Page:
The dollar slumped to multiyear lows against many currencies on Wednesday as currency traders looked past a new delay in U.S. stimulus cheques and maintained bets that additional financial aid was still likely.
The greenback hit its weakest level in more than two years against the euro, the Australian and the New Zealand dollars. The greenback also fell to the lowest in more than five years against the Swiss franc and fell broadly against Asian currencies.
U.S. Senate Majority Leader Mitch McConnell on Tuesday blocked immediate consideration of a measure to increase COVID19 relief payments to 2,000, adding another twist to fractious negotiations over fiscal stimulus.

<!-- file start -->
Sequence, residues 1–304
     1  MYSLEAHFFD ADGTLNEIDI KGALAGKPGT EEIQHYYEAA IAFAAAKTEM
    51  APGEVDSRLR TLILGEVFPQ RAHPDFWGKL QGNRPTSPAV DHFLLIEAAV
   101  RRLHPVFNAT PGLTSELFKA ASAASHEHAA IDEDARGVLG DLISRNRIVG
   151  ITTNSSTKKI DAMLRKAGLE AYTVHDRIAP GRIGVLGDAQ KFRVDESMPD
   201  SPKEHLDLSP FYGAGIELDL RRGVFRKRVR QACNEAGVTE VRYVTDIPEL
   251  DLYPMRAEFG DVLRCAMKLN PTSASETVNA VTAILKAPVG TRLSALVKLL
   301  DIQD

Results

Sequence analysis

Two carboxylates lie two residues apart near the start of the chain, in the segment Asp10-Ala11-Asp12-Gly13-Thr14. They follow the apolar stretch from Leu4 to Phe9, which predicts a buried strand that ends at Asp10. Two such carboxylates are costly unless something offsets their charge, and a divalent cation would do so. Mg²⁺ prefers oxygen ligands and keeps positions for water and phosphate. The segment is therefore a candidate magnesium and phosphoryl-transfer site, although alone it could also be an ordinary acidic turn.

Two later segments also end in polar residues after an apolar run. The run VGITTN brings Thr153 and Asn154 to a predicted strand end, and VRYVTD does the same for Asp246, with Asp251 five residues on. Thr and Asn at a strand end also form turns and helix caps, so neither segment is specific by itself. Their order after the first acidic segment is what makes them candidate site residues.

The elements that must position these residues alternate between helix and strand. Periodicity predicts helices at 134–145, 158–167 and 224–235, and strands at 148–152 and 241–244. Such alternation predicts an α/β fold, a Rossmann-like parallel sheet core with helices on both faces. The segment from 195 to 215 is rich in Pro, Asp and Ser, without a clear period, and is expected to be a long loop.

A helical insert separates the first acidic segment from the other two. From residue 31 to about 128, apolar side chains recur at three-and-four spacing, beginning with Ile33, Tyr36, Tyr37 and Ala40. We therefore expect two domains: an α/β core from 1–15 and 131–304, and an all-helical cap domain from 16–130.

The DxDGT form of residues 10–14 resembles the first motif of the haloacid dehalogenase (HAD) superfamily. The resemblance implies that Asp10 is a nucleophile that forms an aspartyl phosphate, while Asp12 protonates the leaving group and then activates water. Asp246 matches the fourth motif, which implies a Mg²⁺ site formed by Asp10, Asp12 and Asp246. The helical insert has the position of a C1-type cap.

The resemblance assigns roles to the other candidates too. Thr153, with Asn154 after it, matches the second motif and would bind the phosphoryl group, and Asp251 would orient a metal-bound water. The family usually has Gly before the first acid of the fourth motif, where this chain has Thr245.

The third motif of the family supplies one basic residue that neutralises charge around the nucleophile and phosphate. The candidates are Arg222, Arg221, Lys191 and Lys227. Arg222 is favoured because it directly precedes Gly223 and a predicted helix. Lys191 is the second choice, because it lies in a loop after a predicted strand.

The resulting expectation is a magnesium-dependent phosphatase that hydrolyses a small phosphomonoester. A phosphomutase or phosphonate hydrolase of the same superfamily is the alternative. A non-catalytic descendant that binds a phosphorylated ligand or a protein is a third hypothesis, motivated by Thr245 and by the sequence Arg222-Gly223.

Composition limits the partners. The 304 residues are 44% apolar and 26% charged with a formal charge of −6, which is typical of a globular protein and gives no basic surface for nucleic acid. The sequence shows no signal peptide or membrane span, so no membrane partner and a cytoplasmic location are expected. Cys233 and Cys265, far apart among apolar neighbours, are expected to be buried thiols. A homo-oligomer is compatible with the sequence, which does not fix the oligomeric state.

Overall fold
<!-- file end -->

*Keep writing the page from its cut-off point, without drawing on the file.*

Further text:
The dollar has fallen and riskier assets have risen since President Donald Trump signed a coronavirus aid and spending bill on Sunday, because more stimulus for the worlds largest economy reduces demand for the perceived safety of holding the greenback.
While the size of relief payments is still uncertain, many analysts say the dollar is likely to weaken further next year because Presidentelect Joe Biden is expected to push for even more economic support measures.
Our weak dollar call remains intact as we move into 2021, analysts at BBH wrote in a research memo.
What happens to the greenback … largely depends on how well the United States controls the virus in 2021 as well as the outlook for further fiscal stimulus.
The dollar fell to 1.2295 per euro on Wednesday, its weakest since April 2018….